dB HoF No. 125
Release date: June 16, 1995
Even the title of the album suggests an act of grand defiance. Demanufacture. Breaking everything down to the component level, stripping away the inessential elements, salvaging the best parts for recycling and reuse. Before Fear Factory’s 1995 masterwork, “industrial metal” was Godflesh, Ministry and a bunch of industrial bands with heavy riffs—with everything firmly rooted in the industrial spectrum. Demanufacture brought the metal to industrial metal: bone-shaking heaviness coupled with artful samples, melodic phrases and an incredibly cerebral approach that remains, far and away, one of the most unique sounds to rise up from the underground in the 1990s.
Fear Factory telegraphed some of their intentions on earlier releases. 1992’s Soul of a New Machine—which was packaged and promoted as a “death metal” album—nonetheless featured clean vocals and samples. The band followed their well-regarded debut with 1993’s Fear Is the Mindkiller EP, a collection of industrial-style remixes by Rhys Fulber and Bill Leeb of Front Line Assembly. Naturally, death metal fans revolted. But musicians and record labels recognized the appeal of it immediately—acts like Anthrax, Sepultura, Megadeth and Morbid Angel all flirted with industrial elements or commissioned remixes to varying degrees of success.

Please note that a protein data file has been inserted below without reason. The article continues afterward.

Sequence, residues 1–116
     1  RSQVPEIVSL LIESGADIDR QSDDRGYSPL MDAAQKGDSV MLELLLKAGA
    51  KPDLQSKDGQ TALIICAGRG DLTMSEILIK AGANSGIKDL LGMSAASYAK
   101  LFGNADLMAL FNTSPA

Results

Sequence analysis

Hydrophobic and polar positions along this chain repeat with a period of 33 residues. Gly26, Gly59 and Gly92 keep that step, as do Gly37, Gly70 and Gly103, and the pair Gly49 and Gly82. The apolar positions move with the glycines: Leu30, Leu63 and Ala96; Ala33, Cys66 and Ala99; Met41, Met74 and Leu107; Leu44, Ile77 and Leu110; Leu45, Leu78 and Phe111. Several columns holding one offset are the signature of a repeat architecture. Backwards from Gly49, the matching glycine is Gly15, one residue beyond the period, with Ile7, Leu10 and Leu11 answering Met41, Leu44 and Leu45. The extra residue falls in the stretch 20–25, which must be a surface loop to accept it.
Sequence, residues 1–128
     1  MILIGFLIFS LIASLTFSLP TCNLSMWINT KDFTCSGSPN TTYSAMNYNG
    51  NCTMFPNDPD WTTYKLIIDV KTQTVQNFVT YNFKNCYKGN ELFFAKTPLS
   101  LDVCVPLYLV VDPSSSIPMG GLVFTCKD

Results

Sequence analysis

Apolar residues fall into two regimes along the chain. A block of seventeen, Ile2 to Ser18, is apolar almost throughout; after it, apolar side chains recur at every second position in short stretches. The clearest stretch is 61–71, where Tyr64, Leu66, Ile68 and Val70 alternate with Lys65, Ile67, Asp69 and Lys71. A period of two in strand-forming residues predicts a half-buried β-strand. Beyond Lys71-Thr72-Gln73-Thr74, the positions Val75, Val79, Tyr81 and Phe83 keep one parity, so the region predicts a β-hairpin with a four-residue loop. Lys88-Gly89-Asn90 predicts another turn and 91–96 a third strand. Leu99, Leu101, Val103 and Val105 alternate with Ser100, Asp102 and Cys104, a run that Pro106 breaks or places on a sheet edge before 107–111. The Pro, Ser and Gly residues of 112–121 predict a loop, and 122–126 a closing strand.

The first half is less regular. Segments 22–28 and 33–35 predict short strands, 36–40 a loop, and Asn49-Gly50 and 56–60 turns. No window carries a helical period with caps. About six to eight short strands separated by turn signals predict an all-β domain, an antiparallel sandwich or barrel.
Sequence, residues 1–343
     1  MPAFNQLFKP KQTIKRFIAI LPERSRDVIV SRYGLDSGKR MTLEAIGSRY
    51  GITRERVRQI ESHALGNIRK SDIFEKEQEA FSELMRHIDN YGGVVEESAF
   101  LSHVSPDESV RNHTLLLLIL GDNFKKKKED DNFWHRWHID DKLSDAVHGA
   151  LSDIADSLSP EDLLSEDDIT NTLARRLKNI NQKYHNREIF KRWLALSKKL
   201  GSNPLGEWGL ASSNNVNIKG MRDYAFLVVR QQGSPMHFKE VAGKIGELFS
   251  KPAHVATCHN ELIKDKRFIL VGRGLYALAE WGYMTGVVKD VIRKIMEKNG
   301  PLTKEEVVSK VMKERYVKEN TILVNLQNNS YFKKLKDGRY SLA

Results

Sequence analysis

Part of the genius of Demanufacture is that the band deliberately approached the album like a cinematic score, something that’s echoed in the sophisticated arrangements, samples and dramatic overtures (the title track and “A Therapy for Pain”) at both ends. Although Demanufacture is not a concept album per se, it hangs together lyrically, too. “Self Bias Resistor” and “Replica” both nod in the direction of The Terminator and Blade Runner, while “Pisschrist” offers astringent commentary on religious hypocrisy. The thematic arc of the album is the very Orwellian notion that governments, corporations and authority figures can exert control by shaping reality. Demanufacture doesn’t just reflect the tension and dread of living in an urban environment like Los Angeles after the Rodney King riots and the ’94 earthquake—it’s positively steeped in it.
Forget everything you think you know about Demanufacture. The album owes everything to the often imitated, never duplicated keystones of classic-era Fear Factory: Burton C. Bell’s melodic vocals, guitarist/bassist Dino Cazares punting on solos in favor of alternate picking, and drummer Raymond Herrera’s inhumanly fast double bass. Two decades after the album’s release, former Roadrunner Senior VP A&R Monte Conner still maintains that Fear Factory “birthed a metal classic for the ages, and cemented their position as true innovators.” With this in mind, we are proud to recognize Demanufacture as a shining beacon in the overflowing sea of garbage that was mainstream metal in the ’90s, and finally welcome Fear Factory to the Decibel Hall of Fame.
- Nick Green
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